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New Britain Chief's Son Won't Be Charged In Theft Case


The Hartford Courant

7:05 PM EDT, June 1, 2012


Southington police pulled the plug on an investigation into police Chief William Gagliardi's son last month after the city decided not to pursue charges related to the theft of a city-owned drill.

William Gagliardi Jr., 34, admitted to the theft in what city records describe as a "last chance" agreement that let him keep his job with the New Britain water department in exchange for a 20-day suspension.

Gagliardi Jr. told a Southington detective that he inadvertently took the drill out of a water department truck and brought it home, then couldn't figure out how to return it without being accused of theft, police records show.

He ended up auctioning it off on eBay for $137.50.

"Gagliardi (Jr.) said in a 'moment of weakness' and having been behind on his mortgage and bills, he decided to sell the water department drill on eBay for extra money," Sgt. Jay Suski wrote in a report after questioning him on May 3.

Suski broke off the investigation a week later when water department Director Gil Bligh said that New Britain didn't want to pursue it. Without the city's cooperation, Suski could not present a case to prosecutors, Southington police said.

"Bligh had been in contact with city officials and it has been decided the criminal charges against Gagliardi were NOT going to be pursued," Suski wrote in the case file, concluding "Wherefore, this investigation is closed with no arrest."

Simultaneously, the water department and personnel office conducted an internal probe that concluded Gagliardi Jr. had stolen the drill and also sold his still-in-the-box, city-issued Timberland safety boots on eBay for $55.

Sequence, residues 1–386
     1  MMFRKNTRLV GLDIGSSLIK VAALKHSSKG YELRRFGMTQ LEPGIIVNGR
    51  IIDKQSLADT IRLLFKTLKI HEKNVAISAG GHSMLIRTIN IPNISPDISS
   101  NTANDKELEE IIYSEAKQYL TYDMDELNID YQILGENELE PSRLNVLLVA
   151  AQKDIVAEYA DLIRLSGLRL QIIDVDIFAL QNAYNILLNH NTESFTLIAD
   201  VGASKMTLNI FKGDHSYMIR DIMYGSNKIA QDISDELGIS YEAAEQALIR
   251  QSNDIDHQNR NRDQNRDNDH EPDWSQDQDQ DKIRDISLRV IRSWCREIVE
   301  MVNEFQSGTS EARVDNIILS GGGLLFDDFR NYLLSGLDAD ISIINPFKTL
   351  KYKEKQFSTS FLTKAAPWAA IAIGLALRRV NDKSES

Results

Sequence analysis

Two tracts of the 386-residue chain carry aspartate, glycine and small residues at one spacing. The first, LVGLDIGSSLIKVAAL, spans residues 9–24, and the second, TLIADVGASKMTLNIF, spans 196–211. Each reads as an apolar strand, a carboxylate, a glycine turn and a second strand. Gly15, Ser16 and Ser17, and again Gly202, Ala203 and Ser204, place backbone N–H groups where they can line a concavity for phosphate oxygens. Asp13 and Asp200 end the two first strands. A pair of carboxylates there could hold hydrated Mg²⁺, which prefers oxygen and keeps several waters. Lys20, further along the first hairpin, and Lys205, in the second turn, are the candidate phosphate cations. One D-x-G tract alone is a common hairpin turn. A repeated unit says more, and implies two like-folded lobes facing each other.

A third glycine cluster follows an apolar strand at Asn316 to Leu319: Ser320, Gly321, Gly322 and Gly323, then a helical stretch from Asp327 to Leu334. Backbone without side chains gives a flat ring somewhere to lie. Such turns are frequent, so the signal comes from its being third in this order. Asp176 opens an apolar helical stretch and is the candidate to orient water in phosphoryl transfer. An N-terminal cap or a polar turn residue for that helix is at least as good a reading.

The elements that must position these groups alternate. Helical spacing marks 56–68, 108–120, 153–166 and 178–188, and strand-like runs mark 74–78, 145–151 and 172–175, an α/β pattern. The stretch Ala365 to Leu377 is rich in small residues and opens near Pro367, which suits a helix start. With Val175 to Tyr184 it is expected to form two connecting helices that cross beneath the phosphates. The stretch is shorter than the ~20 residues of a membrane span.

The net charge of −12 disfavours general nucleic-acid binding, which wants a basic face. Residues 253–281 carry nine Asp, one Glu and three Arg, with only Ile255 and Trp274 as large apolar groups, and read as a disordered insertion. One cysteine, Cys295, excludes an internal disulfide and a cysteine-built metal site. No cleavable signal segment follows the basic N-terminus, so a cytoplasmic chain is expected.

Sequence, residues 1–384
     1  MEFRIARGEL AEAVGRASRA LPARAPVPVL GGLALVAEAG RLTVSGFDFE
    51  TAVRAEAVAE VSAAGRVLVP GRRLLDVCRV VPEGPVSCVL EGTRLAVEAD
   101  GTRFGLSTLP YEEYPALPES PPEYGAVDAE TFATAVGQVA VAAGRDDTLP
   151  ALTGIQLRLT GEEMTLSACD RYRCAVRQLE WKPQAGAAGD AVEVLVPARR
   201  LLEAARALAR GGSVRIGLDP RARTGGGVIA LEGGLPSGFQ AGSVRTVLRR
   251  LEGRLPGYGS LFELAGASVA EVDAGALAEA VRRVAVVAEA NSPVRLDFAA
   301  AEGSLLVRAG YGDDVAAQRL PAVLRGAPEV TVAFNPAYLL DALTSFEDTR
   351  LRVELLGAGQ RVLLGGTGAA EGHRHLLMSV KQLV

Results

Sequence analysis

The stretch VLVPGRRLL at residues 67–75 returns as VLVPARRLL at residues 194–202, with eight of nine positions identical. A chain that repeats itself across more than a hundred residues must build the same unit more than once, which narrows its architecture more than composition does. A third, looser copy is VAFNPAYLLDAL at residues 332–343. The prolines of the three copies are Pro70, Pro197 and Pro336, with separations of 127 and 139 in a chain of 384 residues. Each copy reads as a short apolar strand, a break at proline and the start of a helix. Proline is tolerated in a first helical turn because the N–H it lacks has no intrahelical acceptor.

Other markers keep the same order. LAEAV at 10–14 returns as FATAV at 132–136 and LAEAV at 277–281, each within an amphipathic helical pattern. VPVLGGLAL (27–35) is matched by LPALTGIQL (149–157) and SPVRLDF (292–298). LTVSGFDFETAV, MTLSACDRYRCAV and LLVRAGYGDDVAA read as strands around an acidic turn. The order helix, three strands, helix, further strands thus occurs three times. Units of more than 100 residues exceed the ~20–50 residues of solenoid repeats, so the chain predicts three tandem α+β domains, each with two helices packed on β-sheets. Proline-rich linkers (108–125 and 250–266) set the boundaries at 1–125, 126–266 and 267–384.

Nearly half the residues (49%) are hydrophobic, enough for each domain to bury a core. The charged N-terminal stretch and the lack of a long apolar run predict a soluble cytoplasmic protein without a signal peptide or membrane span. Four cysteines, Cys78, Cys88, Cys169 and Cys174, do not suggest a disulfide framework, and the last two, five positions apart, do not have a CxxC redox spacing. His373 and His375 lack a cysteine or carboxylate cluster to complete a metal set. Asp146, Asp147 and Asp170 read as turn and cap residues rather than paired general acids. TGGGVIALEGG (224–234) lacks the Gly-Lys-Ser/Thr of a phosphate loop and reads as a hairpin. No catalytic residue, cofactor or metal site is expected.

The city also quizzed him about the disappearance of other water department property: A portable Honda generator, a storage trailer and a 10-piece, $450 set of SnapOn wrenches that had been replaced with a cheap imported wrenches, documents show. Gagliardi Jr. emphatically denied having anything to do with those losses, though, and the suspension agreement that saved his job doesn't refer to them.

Mayor Tim O'Brien on Friday said the decision against pursuing criminal charges was consistent with how the city has handled similar situations in the past, and said he'd shown no favoritism.

"I treat all employees fairly and equitably. Nobody is getting treated differently than anybody else," O'Brien said.

Documents obtained by The Hartford Courant through Freedom of Information requests show the theft was the only the latest disciplinary issue involving Gagliardi Jr., who has clashed with supervisors – including water department Superintendent Ray Esponda - before.

The investigation began after Esponda began receiving anonymous tips in January that city equipment was being advertised on eBay by the seller "dodgeluv" based in Southington. In one of several memos to Personnel Director Karen Levine, Esponda asked in January how to proceed with a message that a water department worker had sold his brand-new safety boots on eBay.

'The Likely Candidate'

"I looked into our records and found the likely candidate," Esponda wrote. "I don't know if we have a policy or rule regarding this, but given the employee I don't think I should be involved."

Bligh took the matter to Southington police in March, partly because the eBay listing for the boots and for the drill identified "dodgeluv" as living in Southington. Bligh told detectives that Associate Corporation Counsel Mary Pokorski instructed him to approach them because the police chief's son was involved.